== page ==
Denise Holter and Dani Singerman and their neighbors in North Hartford, Connecticut, have a vision of a community where everyone can thrive. In the bright, healthy future they see, their town has
Healthy food access and a transit-accessible, affordable supermarket with health-promoting services.
Fewer liquor stores, sources of unhealthy food, and other health-restricting goods and services.
Connection to green spaces in and around Hartford via biking and walking paths.
A feeling of safety among neighbors.
Thriving Black- and Brown-owned businesses.
Healthy housing residents can afford and thriving homeownership.
A vibrant community center.
Holter chairs and Singerman directs communications and advocacy for Healthy Hartford Hub’s Community Action Task Force (CATF), a group of North Hartford residents working to make real the vision of a wellness center anchored by a full-service grocery store. That’s something the community now lacks.
Singerman knows what communities lose when people have to spend too much time or money trying to find healthy food for their families because she’s been there. But the grocery store and Healthy Hartford Hub are just the start of a long journey, she says. “To have quality of life, you need quality of food. If we don’t have quality of food, how can we have quality of life that we can be proud of for our children?”
With support from Wellville and InvestHealth, two initiatives that support selected communities as they journey toward health justice, TheCaseMade has worked with Holter, Singerman, and other members of the CATF to hone their CaseMaking. Here are some of the things we learned together about how community advocates can build public will for systems change they’ve long wanted to see:
Always start by listening to what the community needs. Grassroots community activists are uniquely positioned to listen to their neighbors and appeal to their aspirations for what their community could look and feel like. At the same time, they understand the impatience many may feel in a community that’s been deliberately denied opportunity because of historic and ongoing policies.
“I hate when people come into the city and tell us what we need, as opposed to listening to what the community needs,” Singerman says. “To me it was refreshing that CaseMaking isn’t about telling people ‘what we’re going to do.’”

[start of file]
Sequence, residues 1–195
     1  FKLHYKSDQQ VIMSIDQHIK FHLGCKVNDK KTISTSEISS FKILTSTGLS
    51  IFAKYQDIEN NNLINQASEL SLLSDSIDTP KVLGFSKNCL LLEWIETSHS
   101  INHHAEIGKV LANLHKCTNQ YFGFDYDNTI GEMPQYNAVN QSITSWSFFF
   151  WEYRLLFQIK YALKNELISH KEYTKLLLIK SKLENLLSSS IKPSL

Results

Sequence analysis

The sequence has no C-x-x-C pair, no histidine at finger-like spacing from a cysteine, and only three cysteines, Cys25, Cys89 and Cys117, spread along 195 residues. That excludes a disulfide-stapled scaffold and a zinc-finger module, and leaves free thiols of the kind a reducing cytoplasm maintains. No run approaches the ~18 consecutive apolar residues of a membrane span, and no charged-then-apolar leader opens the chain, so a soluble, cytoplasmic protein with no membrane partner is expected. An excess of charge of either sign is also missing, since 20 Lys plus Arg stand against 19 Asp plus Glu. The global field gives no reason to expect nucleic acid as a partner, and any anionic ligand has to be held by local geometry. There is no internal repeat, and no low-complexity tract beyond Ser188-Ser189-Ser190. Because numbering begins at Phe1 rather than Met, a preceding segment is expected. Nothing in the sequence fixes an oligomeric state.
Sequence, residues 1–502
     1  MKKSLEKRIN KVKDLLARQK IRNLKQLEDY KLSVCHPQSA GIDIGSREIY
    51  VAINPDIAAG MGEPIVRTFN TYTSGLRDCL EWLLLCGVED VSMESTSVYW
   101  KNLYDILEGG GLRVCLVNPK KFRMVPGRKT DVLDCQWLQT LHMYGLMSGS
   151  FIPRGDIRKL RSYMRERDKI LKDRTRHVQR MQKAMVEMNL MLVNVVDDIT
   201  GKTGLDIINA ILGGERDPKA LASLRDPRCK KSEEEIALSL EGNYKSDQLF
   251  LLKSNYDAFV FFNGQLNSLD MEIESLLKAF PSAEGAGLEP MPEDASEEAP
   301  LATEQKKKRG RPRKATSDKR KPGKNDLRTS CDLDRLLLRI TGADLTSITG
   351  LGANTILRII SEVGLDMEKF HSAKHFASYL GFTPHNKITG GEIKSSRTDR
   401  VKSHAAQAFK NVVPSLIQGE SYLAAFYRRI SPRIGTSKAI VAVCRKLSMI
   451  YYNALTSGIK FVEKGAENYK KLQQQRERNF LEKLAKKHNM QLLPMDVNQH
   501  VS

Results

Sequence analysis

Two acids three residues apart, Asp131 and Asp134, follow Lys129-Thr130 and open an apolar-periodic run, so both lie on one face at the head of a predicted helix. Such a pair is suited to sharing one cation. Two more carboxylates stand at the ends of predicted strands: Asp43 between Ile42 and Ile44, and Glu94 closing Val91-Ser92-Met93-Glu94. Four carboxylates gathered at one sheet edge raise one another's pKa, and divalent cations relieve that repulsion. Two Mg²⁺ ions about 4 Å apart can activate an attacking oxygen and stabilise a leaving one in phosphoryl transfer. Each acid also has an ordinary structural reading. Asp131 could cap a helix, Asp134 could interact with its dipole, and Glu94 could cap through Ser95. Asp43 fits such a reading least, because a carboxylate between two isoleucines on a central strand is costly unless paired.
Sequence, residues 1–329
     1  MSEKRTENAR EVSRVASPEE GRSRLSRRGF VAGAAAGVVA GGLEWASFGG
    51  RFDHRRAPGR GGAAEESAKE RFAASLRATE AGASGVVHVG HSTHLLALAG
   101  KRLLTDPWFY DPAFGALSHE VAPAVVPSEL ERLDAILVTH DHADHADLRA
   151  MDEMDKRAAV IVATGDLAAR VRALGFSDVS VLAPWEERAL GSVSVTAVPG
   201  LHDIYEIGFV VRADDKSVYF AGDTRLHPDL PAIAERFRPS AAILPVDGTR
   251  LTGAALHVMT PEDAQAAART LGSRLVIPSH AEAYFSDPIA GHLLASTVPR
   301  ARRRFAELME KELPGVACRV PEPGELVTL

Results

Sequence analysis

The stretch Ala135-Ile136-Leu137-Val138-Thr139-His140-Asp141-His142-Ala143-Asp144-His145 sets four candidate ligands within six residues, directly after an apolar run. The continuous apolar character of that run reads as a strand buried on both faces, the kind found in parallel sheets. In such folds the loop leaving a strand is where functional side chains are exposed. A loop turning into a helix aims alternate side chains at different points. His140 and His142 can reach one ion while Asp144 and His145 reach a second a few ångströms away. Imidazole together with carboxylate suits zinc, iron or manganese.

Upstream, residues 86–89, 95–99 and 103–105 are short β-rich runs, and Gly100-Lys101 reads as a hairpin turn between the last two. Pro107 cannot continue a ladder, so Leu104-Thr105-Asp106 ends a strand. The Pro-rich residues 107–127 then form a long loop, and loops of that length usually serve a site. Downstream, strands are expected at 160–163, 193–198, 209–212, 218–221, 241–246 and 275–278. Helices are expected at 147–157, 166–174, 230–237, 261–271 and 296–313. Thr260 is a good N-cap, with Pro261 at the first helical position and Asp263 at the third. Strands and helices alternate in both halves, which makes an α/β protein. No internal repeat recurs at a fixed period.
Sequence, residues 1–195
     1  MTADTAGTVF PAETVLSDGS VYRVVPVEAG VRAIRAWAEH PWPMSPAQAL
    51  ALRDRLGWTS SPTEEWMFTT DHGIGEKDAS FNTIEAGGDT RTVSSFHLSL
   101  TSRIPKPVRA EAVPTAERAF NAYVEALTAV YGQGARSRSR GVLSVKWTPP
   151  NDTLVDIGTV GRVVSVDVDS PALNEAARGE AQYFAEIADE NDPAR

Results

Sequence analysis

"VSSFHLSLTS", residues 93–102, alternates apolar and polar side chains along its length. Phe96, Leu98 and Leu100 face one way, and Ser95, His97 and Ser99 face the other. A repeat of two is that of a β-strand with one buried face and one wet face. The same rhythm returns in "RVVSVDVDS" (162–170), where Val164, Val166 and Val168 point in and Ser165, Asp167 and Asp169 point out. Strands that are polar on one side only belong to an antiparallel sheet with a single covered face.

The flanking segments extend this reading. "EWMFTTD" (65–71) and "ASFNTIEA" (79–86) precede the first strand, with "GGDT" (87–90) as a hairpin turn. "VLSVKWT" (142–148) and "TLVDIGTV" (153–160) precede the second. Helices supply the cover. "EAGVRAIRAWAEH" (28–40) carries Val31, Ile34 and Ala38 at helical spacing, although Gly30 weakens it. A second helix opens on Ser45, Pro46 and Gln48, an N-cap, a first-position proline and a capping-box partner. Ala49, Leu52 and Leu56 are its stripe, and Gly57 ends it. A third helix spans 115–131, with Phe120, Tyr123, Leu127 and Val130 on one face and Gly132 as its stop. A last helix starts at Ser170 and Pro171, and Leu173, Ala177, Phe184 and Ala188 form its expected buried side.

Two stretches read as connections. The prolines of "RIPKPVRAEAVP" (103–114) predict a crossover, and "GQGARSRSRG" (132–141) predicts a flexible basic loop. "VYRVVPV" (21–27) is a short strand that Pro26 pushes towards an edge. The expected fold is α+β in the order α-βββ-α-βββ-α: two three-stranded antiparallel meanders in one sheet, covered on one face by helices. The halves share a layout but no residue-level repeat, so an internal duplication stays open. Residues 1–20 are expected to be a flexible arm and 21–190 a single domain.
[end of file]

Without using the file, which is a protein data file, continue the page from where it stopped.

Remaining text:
Even people deeply tied to a community need tools, training, and skills to build public will for solutions. Holter says learning how to put the 10 Strategic CaseMaking principles into action “takes ‘kitchen table conversations’ to another level by taking the mystery out of how effectively to engage our neighbors for sustainable and positive change.”
CaseMaking transforms such conversations into something actionable and engaging, she says. “The actions we’re striving for are critical to the health of our community, so we don’t want to hit and miss. We want our efforts to bear fruit.”
Strong data and storytelling feed CaseMaking. North Hartford has a deep well of information in the form of a years-long resident-led, community-based participatory research project coordinated by Kristen Cooksey Stowers, assistant professor in the University of Connecticut’s Department of Allied Health Sciences. The researchers gathered stories, survey data, quotes, and pictures to tell a bigger story of neighborhood resilience and envision a future of thriving together as a result of community and economic development for health and equity.
“Resident-led participatory research approaches and Strategic CaseMaking are twin souls,” Cooksey Stowers says. “They’re two tools that should be in the toolkits of community-led initiatives.”
Tell people what they lose if they sit on the sidelines. Holter says this principle of CaseMaking helped the CATF frame the resident-led research when they first presented it publicly last fall.
“In the past we could talk ad nauseum about what was wrong and why,” she says. “We switched it and said, ‘Look what we’ll lose if we don’t take advantage of this opportunity now.’ We’re presenting the same information, same lack of resources, but with the mindset of ‘look what our community has to gain by us coming together.’ Those of us living with the conditions don’t need more definition of the conditions. What we need is a way to address the conditions. And we do that by instilling hope and a vision for the future instead of just focusing on what it’s like now.”
Tell the story of ‘us.’ “Strategic CaseMaking has helped us figure out who we’re trying to target, what needs and issues they have, their loss aversion,” Singerman says. “I always looked at myself as one of the target people. But now we’re thinking about how to reach youth, seniors, government officials, the media.”
Holter says other community groups were an early audience the CATF needed to make its case to. “Folks didn’t know who we were. We had to make the case that we weren’t in competition for resources. We wanted to work in partnership with them so we could all reach our shared goals. By framing our narrative and conversation in that way, we’ve had some significant tangible results in that area: relationships, partnerships, collaborations. And friendships.”
The goal is an inclusive story that highlights resilience, spurs hope for the future, and gets people—from residents, to politicians, to business owners—ready to take action alongside the CATF.